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January 16, 2009


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I like these posts, FMF, and I think I'll have to pick up this book. It reminds me of The Millionaire Next Door, in the idea that becoming a millionaire is less about "get rich quick" and more about common sense and patience.

Spivey - I wrote The Frugal Millionaires and re-read The Millionaire Next Door before writing TFM. Some people have asked me: Is this book like The Millionaire Next Door? The answer is: No, not really.

TMND is a fantastic book that is now over 12 years old, but the philosophies are timeless. It is research and commentary heavy (the authors analyzed the cost per pound of cars that millionaires drive…uh, OK.) and dealt with a very narrowly defined target audience (mostly small business owners who were older and wealthy). The 7 success factors they identify are very different from the 6 ways frugal millionaires think differently about money and the 15 best practices uncovered in The Frugal Millionaires. (Not to mention the 800+ practical tips offered by TFM - directly out of the mouths of the frugal millionaires.) TFM is more "tell it like it is" than a research report.

Others have asked: Is this book like Rich Dad, Poor Dad? The answer is: No, not at all.

The highly popular RDPD is written like a story or fable and communicates finance concepts simply. It is basic finance education material (in a very understandable format), but it’s also a platform to sell a lot of other products. TFM is less “story” and more on “how it’s actually done.” And TFM isn’t selling anything other than the ideas in the book. We also donate a portion of the profits to charities designated by the frugal millionaires.

It is unclear what other personal finance books The Frugal Millionaires could be compared to. It might loosely be a crossover between Dave Ramsey’s and Larry Winget’s hard edged styles, but targeted at more sophisticated audiences who appreciate learning from people who haven’t failed in their personal finances. It’s more like the way Warren Buffett or John Bogle think…practically and with humor.

I hope you enjoy the book,


It's good to hear advice on buying a home that is right for you and not one that will impress your friends. Too often do we see people bragging about how big their home is, when in reality they took out a mortgage that they will be paying off for the rest of their lives.

"the authors analyzed the cost per pound of cars that millionaires drive…uh, OK."

LOL. I'm still trying to figure out how to make money off that information. :)


I have mixed feelings about rule #1. You had better know a company's business prior to investing in it.

However, speculation can be a valid strategy, the thing is, speculation is an active investment strategy requiring active monitoring of the investment. I have done well speculating and going long term. The only time I have done bad is when acting on "watercooler" tips. If you want to invest and not actively monitor the investment then DO NOT speculate, if you have the time, inclination, and ability to closely monitor your investment then speculation may work.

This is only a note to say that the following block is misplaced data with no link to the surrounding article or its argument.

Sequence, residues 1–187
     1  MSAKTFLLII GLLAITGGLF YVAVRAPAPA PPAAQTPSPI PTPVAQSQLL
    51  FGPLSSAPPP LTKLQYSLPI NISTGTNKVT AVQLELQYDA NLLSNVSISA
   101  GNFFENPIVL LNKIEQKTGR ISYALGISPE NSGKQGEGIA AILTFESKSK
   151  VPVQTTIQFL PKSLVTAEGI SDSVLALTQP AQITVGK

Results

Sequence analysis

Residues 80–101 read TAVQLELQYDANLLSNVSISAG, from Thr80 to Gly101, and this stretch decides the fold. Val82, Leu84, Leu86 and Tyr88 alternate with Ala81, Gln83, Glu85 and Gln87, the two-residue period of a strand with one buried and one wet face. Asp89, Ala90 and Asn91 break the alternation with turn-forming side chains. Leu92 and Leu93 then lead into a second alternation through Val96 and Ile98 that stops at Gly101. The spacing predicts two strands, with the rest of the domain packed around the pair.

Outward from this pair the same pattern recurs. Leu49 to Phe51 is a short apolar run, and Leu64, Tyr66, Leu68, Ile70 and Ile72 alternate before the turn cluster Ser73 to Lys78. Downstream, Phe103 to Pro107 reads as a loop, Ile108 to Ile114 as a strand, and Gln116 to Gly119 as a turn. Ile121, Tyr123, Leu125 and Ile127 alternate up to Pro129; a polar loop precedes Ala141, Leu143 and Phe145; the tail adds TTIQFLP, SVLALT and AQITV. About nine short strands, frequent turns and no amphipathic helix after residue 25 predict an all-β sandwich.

Back in the heyday of the day trader this popular image of buying in the morning, lounging during the day, and selling at the end of the day to make money only worked because of the hyper-bull state of the market. Everyone knew which direction things were going and were able to profit on it, at least until the bears came to town. Of course, a lot of those "day traders" only knew buy low/sell high strategies.

A friend of mine tells me she has a friend who makes a handsome living off of day trading - but it is regular 9to5 job in doing it.

I fully agree with the mortgage aspect. My wife and I just bought a new house. Are limit was $350,000 (with a good down payment), that is were we felt comfortable and we were not going to be extended. However, the lender was trying to give us around $500,000 with little down. In my opinion we could not afford that much. Correction, we could not afford that much and save for anything else. It amazes me that lenders can be so short sighted. I would rather have people in homes they could afford even barring unforseen circumstances, then to have people overly extended and higher foreclosures.Even in todays economic climate lenders still do this. The only difference is they won't do it for low credit scores.

On a side note I ordered the book yesterday. All the posts got me interested.

For some reason, I don't find anything in these millionaire books that could make a millionaire out of a hamburger flipper.

Live like a lender not a borrower is the thumb rule in frugal investing and mortgages. In investing, buy substantial quantities of stocks if the par values are low and buy small quantities when their par values are high, since it is largely the time to dispose your stocks. The golden rule in investing in stocks is buying it in a going concern basis or for a longer periods of time, let us say two decades will be wise enough. As far as mortgages are concerned, see to it that you pay all your amortizations as soon as possible to avoid surcharges, penalties and fines. If possible pay all transactions on a cash basis. The best way to invest is first to save and to follow the adage that it is human to spend but it is divine to save which will afford us the leeway to invest in the future. As they always say the best way to predict your future is to create it. You create your future by saving frugally then when it becomes material or substantial then it will afford you to invest in stocks, bonds, TDs and money markets. Do not trust money but put your money in trust is the Midas Touch to wealth and becoming a millionaire.

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